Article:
Full Text Available Soni KK, Pyasi A, Verma RK. 2011. Litter decomposing fungi in sal (Shorea robusta forests of central India. Nusantara Bioscience 3: 136-144. The present study aim on isolation and identification of fungi associated with decomposition of litter of sal forest in central India. Season wise successional changes in litter mycoflora were determined for four main seasons of the year namely, March-May, June-August, September-November and December-February. Fungi like Aspergillus flavus, A. niger and Rhizopus stolonifer were associated with litter decomposition throughout the year, while Aspergillus fumigatus, Cladosporium cladosporioides, C. oxysporum, Curvularia indica, and C. lunata were recorded in three seasons. Some fungi including ectomycorrhiza forming occur only in the rainy season (June-August these are Astraeus hygrometricus, Boletus fallax, Calvatia elata, Colletotrichum dematium, Corticium rolfsii, Mycena roseus, Periconia minutissima, Russula emetica, Scleroderma bovista, S. geaster, S. verrucosum, Scopulariopsis alba and four sterile fungi. Fungi like Alternaria citri, Gleocladium virens, Helicosporium phragmitis and Pithomyces cortarum were rarely recorded only in one season.

  8. Estimating evapotranspiration in the central mountain region of Veracruz, Mexico

    OpenAIRE

    Ballinas, Mónica; Esperón-Rodríguez, Manuel; Barradas, Víctor L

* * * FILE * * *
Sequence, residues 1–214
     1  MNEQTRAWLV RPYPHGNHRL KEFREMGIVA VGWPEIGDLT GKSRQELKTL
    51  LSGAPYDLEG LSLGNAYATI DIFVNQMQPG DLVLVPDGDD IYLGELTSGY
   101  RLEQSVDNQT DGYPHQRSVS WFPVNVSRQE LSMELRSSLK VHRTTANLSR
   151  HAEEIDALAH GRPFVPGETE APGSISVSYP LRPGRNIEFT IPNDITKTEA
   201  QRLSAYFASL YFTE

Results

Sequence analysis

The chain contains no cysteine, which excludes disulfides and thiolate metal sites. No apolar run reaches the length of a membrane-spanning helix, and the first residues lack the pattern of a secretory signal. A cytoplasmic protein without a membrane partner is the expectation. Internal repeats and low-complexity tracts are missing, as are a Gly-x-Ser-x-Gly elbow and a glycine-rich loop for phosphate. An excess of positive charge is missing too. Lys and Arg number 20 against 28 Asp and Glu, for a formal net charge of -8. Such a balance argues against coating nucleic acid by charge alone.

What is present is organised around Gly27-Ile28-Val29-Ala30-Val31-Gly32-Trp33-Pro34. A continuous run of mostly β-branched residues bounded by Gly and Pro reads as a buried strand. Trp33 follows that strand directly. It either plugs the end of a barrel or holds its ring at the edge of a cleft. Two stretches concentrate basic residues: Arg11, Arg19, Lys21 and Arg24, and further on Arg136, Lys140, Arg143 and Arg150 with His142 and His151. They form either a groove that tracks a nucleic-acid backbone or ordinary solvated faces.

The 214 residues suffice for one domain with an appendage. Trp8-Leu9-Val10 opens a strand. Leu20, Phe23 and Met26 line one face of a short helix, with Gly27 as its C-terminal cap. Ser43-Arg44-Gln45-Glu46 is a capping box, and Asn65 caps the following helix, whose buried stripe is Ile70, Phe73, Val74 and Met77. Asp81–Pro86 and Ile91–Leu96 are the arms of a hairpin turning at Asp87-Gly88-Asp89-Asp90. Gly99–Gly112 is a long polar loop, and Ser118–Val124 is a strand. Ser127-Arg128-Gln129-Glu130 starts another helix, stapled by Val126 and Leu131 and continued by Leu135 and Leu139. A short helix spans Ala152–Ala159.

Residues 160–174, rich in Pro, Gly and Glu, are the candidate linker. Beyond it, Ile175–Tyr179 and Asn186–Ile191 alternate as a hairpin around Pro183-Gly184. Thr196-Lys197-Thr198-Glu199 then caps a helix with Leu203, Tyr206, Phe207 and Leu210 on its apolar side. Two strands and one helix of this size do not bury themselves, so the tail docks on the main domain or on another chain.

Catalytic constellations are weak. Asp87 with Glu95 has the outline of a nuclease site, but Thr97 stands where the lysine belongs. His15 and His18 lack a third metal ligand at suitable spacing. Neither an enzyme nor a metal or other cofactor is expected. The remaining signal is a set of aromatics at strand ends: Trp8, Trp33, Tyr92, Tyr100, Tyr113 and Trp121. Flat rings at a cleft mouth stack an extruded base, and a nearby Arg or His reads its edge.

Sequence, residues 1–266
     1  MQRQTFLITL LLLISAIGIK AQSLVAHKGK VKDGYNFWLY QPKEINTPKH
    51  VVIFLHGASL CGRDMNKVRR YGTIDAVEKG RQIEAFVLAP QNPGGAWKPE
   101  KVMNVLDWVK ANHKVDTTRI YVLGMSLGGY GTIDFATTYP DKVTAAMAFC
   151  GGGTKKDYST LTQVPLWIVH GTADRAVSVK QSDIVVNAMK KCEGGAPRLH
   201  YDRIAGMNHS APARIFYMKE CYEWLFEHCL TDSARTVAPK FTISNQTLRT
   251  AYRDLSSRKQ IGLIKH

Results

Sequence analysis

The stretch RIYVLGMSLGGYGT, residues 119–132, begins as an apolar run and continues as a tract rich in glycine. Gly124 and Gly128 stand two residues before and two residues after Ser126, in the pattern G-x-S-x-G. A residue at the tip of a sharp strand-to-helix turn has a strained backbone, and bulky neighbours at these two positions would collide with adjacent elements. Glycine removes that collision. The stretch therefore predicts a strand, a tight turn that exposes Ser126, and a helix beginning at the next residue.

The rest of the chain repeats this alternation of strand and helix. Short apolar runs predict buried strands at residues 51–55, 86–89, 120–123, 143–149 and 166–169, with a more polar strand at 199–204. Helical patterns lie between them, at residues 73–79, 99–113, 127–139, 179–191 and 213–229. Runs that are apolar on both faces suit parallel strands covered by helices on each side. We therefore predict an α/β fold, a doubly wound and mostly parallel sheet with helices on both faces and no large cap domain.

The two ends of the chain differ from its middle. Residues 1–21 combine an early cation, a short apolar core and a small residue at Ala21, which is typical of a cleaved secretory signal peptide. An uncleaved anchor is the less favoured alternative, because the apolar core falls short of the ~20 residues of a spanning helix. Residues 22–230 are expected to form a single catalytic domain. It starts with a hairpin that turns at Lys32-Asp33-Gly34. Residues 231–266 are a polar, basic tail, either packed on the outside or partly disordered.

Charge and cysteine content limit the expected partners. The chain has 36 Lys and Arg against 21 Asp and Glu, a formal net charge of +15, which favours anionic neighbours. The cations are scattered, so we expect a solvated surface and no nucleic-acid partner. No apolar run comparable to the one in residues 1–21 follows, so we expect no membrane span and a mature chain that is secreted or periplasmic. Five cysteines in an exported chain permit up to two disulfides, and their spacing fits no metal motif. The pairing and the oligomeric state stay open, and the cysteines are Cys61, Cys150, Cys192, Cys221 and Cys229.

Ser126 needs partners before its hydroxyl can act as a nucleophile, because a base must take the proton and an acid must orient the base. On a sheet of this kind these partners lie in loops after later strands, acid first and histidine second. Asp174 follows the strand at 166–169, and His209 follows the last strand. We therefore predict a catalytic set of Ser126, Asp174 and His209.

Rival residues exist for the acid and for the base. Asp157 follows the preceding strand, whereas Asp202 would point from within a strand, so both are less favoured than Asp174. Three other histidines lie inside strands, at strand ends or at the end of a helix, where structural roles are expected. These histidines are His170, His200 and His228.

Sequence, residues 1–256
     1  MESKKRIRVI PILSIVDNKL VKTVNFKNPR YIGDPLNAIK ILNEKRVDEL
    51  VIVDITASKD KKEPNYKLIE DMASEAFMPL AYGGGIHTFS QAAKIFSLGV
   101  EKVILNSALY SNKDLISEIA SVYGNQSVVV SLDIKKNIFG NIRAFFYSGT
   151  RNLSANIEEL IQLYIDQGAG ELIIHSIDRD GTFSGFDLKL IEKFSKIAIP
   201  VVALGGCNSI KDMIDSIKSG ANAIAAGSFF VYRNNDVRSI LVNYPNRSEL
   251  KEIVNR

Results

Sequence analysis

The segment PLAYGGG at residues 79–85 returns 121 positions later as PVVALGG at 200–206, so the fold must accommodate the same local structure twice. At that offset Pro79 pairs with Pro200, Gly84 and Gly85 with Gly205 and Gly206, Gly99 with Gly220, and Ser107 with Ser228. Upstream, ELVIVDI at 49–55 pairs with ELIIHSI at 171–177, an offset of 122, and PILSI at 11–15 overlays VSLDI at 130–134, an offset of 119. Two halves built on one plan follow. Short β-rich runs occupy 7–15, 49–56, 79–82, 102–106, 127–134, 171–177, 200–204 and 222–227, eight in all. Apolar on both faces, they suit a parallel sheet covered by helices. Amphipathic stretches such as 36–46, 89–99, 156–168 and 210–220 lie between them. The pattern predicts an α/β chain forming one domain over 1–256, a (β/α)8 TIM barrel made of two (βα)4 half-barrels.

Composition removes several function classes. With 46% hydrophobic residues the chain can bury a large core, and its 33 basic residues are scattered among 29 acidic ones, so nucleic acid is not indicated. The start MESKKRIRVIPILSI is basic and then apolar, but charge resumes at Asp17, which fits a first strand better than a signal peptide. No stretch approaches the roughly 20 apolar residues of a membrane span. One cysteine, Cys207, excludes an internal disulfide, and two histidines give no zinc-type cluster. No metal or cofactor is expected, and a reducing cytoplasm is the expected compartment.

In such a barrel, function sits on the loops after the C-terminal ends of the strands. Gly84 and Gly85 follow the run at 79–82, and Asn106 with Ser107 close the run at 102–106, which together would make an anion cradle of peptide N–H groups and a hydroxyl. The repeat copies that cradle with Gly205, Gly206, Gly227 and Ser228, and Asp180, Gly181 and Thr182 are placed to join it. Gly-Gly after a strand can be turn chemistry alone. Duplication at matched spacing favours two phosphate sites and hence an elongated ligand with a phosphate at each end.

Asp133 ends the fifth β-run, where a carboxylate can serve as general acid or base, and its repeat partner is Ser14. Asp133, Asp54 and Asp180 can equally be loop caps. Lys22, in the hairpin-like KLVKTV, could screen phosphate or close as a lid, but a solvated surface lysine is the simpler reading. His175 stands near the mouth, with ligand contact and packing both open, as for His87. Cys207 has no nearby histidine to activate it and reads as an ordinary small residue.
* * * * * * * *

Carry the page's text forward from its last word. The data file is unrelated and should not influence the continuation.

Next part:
2015-01-01

    The global, regional and local hydrological cycle is strongly linked to vegetation distribution. The hydrological cycle is composed by precipitation, infiltration, runoff, transpiration and evaporation. Evaporation is influenced by high temperatures, high winds and low relative humidity. This work is focused on the study of evapotranspiration (ET) as the main variable of water loss in the water balance in the central mountain region of Veracruz, Mexico. ET was estimated using the Penman-Monte...

  9. Health impacts of mercury cycling in contaminated environments of central India studied by NAA and ICP-MS

    International Nuclear Information System (INIS)

    Patel, K.S.

    2001-01-01

    The heavy metal pollution in the Indian continent is increasing due to rapid industrialisation. Among heavy metals, the element: mercury is considered as global pollutant. In central India it is considered as global pollutant. Central India has been chosen for the investigation of the mercury pollution and their health impacts in the proposed project. The concentration and flux levels of the organic, inorganic and total mercury and their variations, sources and co-relation are investigated in various atmospheric and environmental compartments air, dry deposit, wet deposits, water, soil, sediment, etc. of central India lying between 18-23 deg. N latitude and 80-84 deg. longitude. The techniques CVAAS, NAA, XFS, ICP-MS, etc. would be used for monitoring the various chemical species of mercury employing established methodologies. (author)

  10. Central region morphometry in a child brain; Age and gender ...

    African Journals Online (AJOL)

    2013-10-10

    Oct 10, 2013 ... Background: Data on central region morphometry of a child brain is important not only in terms of ... brain volume reaches the peak at the age of 14.5 in men ..... child and adolescent brain and effects of genetic variation.

  11. Baryon - antibaryon asymmetry in central rapidity region at LHC ALICE